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Wednesday 22 March 2023 Dublin: 11°C
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Remembering my sister '75 days have now come and gone since gardaí broke the news'
Today is the first one that my sister Donna Fox is among those we are remembering, writes Neil Fox on World Day of Remembrance for Road Traffic Victims.

Today is World Day of Remembrance for Road Traffic Victims. Gardaí have said that 23,948 people have died on Irish roads since records began in 1959. Here, Neil Fox shares his story since the loss of his sister Donna just three months ago. 

WORLD DAY OF Remembrance for road traffic victims is marked annually on the third Sunday of November.

Today is the first one that my sister Donna Fox is among those we are remembering.

Seventy-five days have now come and gone, since two gardaí broke the news to me on what had seemed an ordinary day; until that moment transported me into a new reality.

The calendar tells us that it will be 11 weeks on Tuesday, nearing three whole months since the morning that changed our lives… since gardaí were just gardaí and bikes just bikes, since standing at the pedestrian lights was just standing at the lights…

The sense of loss has not hit for me yet, in the chamber of shock that keeps me buffered in part from the violent reality.

I share some of this process as I think it is important to. To live in or with trauma is something that usually goes unspoken. I have got used to forgetting where I am going, losing things, and just been much slower at everything.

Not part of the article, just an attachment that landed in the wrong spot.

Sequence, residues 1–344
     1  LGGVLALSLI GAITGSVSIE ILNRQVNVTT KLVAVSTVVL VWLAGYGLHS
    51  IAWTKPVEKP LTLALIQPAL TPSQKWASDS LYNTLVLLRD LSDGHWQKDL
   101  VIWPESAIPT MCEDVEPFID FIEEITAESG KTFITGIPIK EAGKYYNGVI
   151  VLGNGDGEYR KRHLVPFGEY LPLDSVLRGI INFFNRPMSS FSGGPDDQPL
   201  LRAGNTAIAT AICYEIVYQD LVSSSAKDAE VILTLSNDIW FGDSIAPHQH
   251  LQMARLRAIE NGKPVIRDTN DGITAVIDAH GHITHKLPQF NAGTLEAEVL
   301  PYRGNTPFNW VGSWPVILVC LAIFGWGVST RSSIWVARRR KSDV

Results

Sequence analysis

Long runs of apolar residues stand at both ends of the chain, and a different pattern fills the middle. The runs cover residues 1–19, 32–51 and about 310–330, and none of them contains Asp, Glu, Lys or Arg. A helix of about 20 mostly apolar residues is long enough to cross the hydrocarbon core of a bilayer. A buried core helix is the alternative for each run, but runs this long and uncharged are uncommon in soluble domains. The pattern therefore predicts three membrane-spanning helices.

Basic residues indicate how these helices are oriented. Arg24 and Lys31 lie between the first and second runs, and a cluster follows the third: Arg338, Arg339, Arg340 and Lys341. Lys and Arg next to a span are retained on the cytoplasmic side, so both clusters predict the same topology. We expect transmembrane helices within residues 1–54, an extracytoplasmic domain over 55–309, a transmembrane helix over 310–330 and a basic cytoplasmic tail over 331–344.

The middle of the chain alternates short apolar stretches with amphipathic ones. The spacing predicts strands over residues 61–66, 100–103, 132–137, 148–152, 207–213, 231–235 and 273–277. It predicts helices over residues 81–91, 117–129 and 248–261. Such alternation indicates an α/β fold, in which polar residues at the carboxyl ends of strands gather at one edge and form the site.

I think the weirdest moment was actually forgetting my name. Thank God that was a brief moment but one that stunned me. I allow more time for anywhere I am going as I seem to get distracted or go the wrong way.

For me, the initial month was like living in a dream, too surreal to even say a nightmare, for a nightmare feels very real at the time, this felt anything but real.

A good chunk of that time it was like watching my life on a screen at a total distance. A friend told me I was veiled from it right now as it was too much to take in. My family and I are no strangers to bereavement but this was and is a very different ball game.

I felt total and complete absence throughout the second month, as a bit of the reality crept in; just this feeling of a complete aloneness and not been able to feel my normal lifelong connection with God.

There just was nothing to grasp at, that was the felt experience. I find that is beginning to alter now thankfully. It was like losing my sister and my relationship with God in one go, and both were huge enough in themselves let alone together. But you soldier on. You pray, you search for meaning.

Meaning! How can we put meaning on this? That for me is my quest, I doubt I will reach it anytime soon but am hopeful with passage of time I will find a way of seeing meaning in this.

My beautiful happy sister with the world at her feet, going about her normal day, literally stole from us.

Donna was 30.

She had a great joy and peace about her which are things we will always be grateful for, yet in a way this adds a bitter poignancy to it all too.

Anger more than meaning is what I am working on this month. Time heals we are told, yet I hate a new week as it feels we are further from Donna, that somehow our lives must go on, yet I know I myself feel frozen in so many ways, and a part of me does not want the calendar to be moving on at all.

I have had contact from politicians, bishops, no end of journalists as well as the public, not to mention our own immediate world.

My sister Leanne, Daddy; Anne Marie and my aunts, uncles, cousins etc – the same.